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Students spent 30 consecutive hours of engineering design, teamwork, and development at HWeekend on October 8-9, sponsored by the College of Engineering. The theme was “Show’em What You Got!”, and participants did just that, creating some of the most complete projects of any HWeekend. The purpose of the theme was to encourage projects that could be submitted to national competitions.

It was the sixth iteration of the highly successful event that gives engineering and business students an entire weekend to develop an idea and prototype it. Forty-two students participated with majors in electrical and computer engineering, computer science, mechanical engineering, nuclear engineering, and finance.

After some breakout brainstorming sessions and presentations of their ideas, participants split into 10 teams to work on their projects. The diverse ideas included a modified game of laser tag, a guitar that could tune itself, and a smart shin guard paired with a virtual reality environment.

One of the groups returned from the previous HWeekend held during Spring term. That group continued with their effort to build a ferrofluid display using individually wound electromagnets. The other groups were much newer to their projects, such as the mobile coffee heater group, which worked on finding components they could use to heat liquids in a drinking cup.

“The beautiful thing about this is that it’s fast paced and you really see results, even if they’re not exactly the results you hope for,” says Audrina Hahn, a mechanical engineering student, who worked on the Open Laser Tag project.

This event made use of the all-new Buxton Hall Makerspace, the Mastery Challenge lounge, and the Virtual Makerspace, which gave students access to 3D printing, soldering irons, a drill press, and laser cutting.

“It’s really amazing all the resources that we have available to us that are really simple to use and are things that are up-and-coming that we will probably continue to use into our careers,” Hahn says.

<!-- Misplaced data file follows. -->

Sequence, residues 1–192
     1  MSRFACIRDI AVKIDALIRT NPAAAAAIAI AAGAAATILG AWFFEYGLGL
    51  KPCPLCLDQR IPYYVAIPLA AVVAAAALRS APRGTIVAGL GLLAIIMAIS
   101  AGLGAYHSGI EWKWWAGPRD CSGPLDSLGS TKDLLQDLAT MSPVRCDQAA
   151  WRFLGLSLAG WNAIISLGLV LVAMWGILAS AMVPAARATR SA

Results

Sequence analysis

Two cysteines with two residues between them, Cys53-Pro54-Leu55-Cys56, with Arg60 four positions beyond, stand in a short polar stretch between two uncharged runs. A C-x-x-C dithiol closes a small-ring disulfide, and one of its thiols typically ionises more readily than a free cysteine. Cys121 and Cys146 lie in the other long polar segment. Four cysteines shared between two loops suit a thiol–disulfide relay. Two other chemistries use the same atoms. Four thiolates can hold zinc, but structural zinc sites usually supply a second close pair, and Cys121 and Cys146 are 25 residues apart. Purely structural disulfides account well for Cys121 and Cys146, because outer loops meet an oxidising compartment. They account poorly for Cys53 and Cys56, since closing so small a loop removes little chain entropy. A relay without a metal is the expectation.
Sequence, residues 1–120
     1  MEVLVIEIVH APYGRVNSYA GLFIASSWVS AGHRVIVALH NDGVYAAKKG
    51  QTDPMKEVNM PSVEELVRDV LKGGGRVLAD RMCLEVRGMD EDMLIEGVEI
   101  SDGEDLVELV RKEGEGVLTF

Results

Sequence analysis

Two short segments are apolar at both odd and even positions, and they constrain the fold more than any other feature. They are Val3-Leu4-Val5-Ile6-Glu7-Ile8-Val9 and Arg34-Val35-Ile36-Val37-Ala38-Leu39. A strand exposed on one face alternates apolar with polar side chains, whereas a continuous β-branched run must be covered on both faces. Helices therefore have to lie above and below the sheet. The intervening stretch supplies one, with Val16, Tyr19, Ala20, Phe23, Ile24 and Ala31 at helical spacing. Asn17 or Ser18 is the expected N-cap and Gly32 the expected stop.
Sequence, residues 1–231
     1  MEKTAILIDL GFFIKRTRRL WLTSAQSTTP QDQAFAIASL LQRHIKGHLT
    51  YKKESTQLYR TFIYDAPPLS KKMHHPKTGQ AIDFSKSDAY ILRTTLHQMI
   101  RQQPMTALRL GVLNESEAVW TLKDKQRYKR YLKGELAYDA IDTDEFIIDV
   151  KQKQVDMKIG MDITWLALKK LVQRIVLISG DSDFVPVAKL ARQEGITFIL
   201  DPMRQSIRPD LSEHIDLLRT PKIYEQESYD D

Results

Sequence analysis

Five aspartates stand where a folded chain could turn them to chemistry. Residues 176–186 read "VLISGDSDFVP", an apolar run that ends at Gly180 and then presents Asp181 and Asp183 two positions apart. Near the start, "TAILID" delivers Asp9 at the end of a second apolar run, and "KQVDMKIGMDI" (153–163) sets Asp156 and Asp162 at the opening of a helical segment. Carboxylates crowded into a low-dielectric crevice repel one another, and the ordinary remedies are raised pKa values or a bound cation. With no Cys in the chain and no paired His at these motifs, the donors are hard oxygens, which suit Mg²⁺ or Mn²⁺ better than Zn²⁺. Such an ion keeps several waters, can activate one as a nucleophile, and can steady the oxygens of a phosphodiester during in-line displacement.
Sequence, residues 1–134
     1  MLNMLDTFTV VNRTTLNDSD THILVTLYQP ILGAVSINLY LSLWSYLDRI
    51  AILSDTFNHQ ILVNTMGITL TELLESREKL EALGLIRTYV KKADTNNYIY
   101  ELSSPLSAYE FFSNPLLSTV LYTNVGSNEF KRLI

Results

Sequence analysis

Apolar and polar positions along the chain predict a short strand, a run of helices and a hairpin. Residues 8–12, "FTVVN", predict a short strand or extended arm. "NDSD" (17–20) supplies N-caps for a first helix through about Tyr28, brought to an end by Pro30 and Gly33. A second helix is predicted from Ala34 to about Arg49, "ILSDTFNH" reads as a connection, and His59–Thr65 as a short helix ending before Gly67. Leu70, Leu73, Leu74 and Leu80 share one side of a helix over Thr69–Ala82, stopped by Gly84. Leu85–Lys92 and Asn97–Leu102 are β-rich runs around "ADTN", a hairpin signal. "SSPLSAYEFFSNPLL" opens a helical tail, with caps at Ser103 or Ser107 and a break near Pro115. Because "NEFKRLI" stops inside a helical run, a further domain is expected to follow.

Mentors for this HWeekend included eight industry representatives. Martin Held from Microsemi returned to guide teams and answer hardware questions. Multiple mentors arrived from Intel in Hillsboro, including several recent graduates of Oregon State. These mentors split up to help on projects where their experience helped groups work with unfamiliar technologies. One group that benefitted was the motion tracking robot team, which received help with OpenCV from a mentor who revealed a personal interest in assembly programming.

Ben Buford was one of the recent graduates who came back from Intel to provide mentorship. He spent most of his time contributing to the ferrofluid display.

“I love seeing people come up with quick solutions that let them accomplish something and overcome obstacles that they didn’t know existed three hours prior,” Buford says.

Beyond the satisfaction of completing prototypes of their ideas, students at HWeekend compete for two group awards. The Executors award goes to the team that produces the best execution of their original idea to create the most polished final product and the Helping Hand is for the team that contributes the most to other teams. At this HWeekend, the Arbitrarily Tuned Stringed Instrument team was selected for both awards. The team included members Keaton Scheible, Youthamin “Bear” Philavastvanid, Elliot Highfill, and Savannah Loberger.

— Kyler Stole

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